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MIT student blogger Yan Z. '12

More thoughts on classes by Yan Z. '12

However, I did not find Matt's stuff (see blog post below this one).

Dear November, 2009: I’ve reached the age when self-discoveries are easier to find than my room keys, or the chunk of free time missing from my daily agenda, or even sources of Vitamin C. To start with a simple example- I prefer my classes the way I prefer local fire departments: fast, helpful, and hosing.

This semester, 8.07 (Electricity and Magnetism II) takes the proverbial cake for hopscotching around my criteria for likable classes. The first ten weeks or so straddled a slender line between geekishly fun and downright scary. On one hand, it’s hard to complain about a class where the professor spends 5 minutes playing the Electrostatic Video Game in the middle of his lecture slides* and then inexplicably flings his USB drive into the door using a makeshift rubber-band slingshot. (I believe he was attempting to demonstrate something about tension in field lines, but the lesson was sadly overshadowed by the fact that his USB drive looked pretty expensive.)

*All seven people in attendance during this lecture burst into applause as the Positive Charge bounced off a wall, hovered in a precarious moment of unstable equilibrium, and slowly rolled into the target. It was the most breathtaking thing I’d ever experienced, but only because I don’t have asthma.

On the other hand, the class this year was taught backwards, starting with the gnarliest subject in the entirety of 8.07: dipole radiation. Have you ever seen a dipole radiate? The thing spews out enough math to educate a third-world village.


(This is what happens when I stop taking photos. It’s supposed to be a graphical representation of an oscillating dipole, alright? As I always say, MIT admissions values tolerance.)

On the third hand, there was a warm and cherished moment in 8.07 when the curriculum abruptly leaped from relativistic dipole radiation to Coulomb’s Law. Did you know that I’m probably one of the few people in human history who learned the Li√©nard–Wiechert formulation of potentials for a moving point charge before learning electrostatics? By the way, the problem set for that particular week was far more bipolar than dipolar: one question was along the lines of, “Find the force on a line charge in a uniform electric field, but use the Maxwell Stress Tensor and do a spherical integral over infinity only after converting your basis vectors into Cartesian. Also, while you’re solving easy problems using the hardest method imaginable, carve a turkey using toothpicks, but only after you convert your toothpicks into a small wooden flotilla.” The next question was like, “Find the magnetic field due to a current-carrying wire. HINT: Use Ampere’s Law!!!11 HINT #2: The circumference of a circle is 2*r*pi.”

“What about your other physics classes?” you ask. Well, let me prelude my good-humored kvetchfest by remarking that I have nothing to complain about and that it took quite a few yardsticks of imagination to come up with the following criticisms. It’s also worth mentioning mention that I’m only 35-50%* serious here: please keep in mind that all of the following are, at worst, only as mildly painful as getting punched in the kneecaps by someone wearing mittens. If you want to understand the true heartstabbing pain of MIT, you can also keep in mind that I will be repaying tuition loans for the next ten years. Now, if you’ll excuse me, I need to go chug a bottle of aspirin.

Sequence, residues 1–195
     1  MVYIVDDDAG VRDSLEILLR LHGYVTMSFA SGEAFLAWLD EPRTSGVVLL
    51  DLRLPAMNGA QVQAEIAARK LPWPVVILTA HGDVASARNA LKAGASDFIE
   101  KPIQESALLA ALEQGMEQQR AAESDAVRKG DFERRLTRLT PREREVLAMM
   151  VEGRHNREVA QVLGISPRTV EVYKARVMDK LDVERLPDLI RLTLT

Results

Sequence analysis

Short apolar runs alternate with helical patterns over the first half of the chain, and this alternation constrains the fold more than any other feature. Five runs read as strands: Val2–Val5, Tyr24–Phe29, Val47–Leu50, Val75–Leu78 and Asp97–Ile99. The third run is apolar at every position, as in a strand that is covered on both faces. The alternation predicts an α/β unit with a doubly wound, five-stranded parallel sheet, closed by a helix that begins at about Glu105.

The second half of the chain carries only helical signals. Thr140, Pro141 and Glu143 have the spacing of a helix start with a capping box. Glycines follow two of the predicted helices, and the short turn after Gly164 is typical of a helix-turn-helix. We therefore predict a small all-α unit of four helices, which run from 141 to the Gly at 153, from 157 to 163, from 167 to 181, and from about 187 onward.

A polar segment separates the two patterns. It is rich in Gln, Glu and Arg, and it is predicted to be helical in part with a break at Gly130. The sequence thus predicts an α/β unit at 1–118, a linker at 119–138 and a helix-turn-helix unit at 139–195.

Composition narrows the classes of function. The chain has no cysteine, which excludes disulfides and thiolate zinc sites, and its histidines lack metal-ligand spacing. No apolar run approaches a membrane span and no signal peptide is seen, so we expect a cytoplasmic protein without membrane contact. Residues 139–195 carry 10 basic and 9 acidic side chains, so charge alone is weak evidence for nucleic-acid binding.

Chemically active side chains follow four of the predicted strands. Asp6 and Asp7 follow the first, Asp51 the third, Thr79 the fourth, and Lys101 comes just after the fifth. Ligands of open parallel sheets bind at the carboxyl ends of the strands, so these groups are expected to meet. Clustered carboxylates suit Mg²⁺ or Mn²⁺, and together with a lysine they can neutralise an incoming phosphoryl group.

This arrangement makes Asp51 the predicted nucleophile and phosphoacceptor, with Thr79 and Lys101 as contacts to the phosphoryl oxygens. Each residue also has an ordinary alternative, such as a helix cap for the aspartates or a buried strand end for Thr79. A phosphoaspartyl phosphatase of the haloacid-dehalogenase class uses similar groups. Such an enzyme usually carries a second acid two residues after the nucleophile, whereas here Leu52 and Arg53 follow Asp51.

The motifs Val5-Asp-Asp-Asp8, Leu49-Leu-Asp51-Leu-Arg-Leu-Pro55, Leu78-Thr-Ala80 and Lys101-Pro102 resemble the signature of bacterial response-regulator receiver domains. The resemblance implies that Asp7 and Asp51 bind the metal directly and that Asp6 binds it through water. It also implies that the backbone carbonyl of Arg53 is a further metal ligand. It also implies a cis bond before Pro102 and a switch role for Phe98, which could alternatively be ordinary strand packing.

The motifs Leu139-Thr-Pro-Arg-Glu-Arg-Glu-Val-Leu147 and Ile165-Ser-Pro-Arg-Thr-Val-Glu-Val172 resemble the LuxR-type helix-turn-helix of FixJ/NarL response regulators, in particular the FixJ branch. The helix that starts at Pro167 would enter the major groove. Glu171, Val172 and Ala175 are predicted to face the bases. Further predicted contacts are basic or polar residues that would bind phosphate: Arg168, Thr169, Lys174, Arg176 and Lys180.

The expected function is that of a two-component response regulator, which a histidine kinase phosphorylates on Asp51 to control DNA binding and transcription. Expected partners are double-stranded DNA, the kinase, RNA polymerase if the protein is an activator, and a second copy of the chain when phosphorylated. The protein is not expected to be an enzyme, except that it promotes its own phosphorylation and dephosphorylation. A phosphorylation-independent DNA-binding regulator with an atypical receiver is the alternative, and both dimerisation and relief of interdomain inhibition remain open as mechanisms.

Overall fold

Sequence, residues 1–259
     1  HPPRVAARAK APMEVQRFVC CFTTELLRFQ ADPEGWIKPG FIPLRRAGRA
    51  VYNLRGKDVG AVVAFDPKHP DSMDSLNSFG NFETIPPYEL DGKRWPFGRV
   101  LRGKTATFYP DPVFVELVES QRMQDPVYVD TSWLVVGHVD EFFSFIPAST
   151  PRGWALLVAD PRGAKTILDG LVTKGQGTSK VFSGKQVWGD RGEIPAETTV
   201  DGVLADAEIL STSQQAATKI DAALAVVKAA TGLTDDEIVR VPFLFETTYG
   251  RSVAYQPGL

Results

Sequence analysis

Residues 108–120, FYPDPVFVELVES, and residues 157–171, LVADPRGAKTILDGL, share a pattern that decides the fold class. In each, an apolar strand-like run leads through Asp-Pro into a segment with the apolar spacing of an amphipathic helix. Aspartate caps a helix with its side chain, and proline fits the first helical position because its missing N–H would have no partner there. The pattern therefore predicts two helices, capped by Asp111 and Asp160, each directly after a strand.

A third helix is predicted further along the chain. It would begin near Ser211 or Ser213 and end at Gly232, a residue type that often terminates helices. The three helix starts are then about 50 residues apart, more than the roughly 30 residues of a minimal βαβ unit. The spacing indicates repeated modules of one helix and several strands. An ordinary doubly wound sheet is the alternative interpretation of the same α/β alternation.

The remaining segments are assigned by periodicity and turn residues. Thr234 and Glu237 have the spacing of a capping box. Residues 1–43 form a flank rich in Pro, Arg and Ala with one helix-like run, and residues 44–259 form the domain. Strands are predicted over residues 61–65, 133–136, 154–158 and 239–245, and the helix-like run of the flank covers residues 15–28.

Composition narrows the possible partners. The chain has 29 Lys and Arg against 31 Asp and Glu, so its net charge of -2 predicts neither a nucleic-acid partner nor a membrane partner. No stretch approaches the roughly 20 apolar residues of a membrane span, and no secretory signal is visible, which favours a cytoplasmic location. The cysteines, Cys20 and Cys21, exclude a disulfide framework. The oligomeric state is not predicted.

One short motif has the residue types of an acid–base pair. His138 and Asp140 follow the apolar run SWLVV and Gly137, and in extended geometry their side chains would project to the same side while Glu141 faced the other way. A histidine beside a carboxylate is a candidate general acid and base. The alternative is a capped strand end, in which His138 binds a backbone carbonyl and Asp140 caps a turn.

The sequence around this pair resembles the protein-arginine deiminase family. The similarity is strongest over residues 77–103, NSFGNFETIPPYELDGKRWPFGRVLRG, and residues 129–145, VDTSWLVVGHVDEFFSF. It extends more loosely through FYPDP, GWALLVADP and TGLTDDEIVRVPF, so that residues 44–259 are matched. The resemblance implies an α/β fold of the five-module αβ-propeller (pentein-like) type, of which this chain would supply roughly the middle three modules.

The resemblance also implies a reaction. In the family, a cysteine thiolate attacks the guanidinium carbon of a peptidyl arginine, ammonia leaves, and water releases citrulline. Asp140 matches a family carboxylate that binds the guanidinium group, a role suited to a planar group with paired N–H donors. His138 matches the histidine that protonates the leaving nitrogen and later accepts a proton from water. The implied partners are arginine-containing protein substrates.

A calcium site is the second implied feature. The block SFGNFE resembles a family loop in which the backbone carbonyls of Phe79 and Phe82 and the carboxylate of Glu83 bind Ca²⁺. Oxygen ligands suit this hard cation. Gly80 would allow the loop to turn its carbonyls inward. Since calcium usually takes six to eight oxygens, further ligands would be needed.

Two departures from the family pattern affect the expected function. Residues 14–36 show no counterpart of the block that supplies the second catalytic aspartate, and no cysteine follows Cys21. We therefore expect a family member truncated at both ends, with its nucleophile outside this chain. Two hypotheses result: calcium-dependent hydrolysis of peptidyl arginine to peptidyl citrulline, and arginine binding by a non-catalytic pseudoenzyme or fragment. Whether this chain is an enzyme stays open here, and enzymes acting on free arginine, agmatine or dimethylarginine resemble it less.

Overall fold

(*Even outside of the esteemed blogging profession, I’m around 55% serious at best. By “at best,” I of course mean, “at funerals.”)

-8.03 (Vibrations and Waves) is a perfectly reasonable class until you realize that it’s full of propaganda, just like television (whose existence is due to none other than VIBRATIONS AND WAVES. Coincidence? I think not). According to 8.03, vibrations and waves created light, made the world in six days, rested on Sunday, and then invented evolution, thereby ensuring that thousands of unsuspecting children would continue to buy Pokemon cards (the most expensive of which contain reflective holograms, whose properties are due to none other than VIBRATIONS AND WAVES. Coincidence? I think not.). The first one may actually be true, but I refuse to accept the premise that waves are mankind’s only remaining hope for salvation. I mean, otherwise, Barack Obama wouldn’t have won the Nobel Peace Prize, right?.

No OCW am I, but here’s my stab at summarizing the 8.03 course material:
-A wave on a spring is a wave.
-A wave on a rope is a wave.
-A wave in a pipe is a wave.
-A wave on a transmission line is a wave.
-A wave in vacuum is a wave.
-A wave is also called a vibration sometimes.

Did I tell you the name of this class, by the way?

-8.033 (Relativity): I will heartlessly say that 8.033 makes electricity and magnetism look like clumsy squash players stumbling around in a ballroom full of elegant, waltzing kinematics, firstly because I hate playing/eating squash and secondly because I think this is some sort of metaphor or whatever. In the first half of the course, each lovely transformation and kinematics equation was tastefully attired in immaculate thought experiments before its initiation into the polite society of established physics. Yet as soon as E&M clodhopped into the room, dripping with murky math and shod in raggedy logic, the exalted sophistication of relativity spiraled down the metaphorical toilet of terrible curriculum design. You could hear the flush as soon as we started transforming Coulomb’s Law in like 32939 different scenarios of relative motion between source charge and test charge. Introducing E&M by applying the force transformation laws to Coulomb was like smearing dirt over the brilliant connections between E&M and Special Relativity. Why not link the fields to the intrinsic properties of space and time, and then deduce how they must look to an observer moving at relativistic speeds, such as Lance Armstrong? To be fair, we probably discussed this in recitation for about 20 minutes.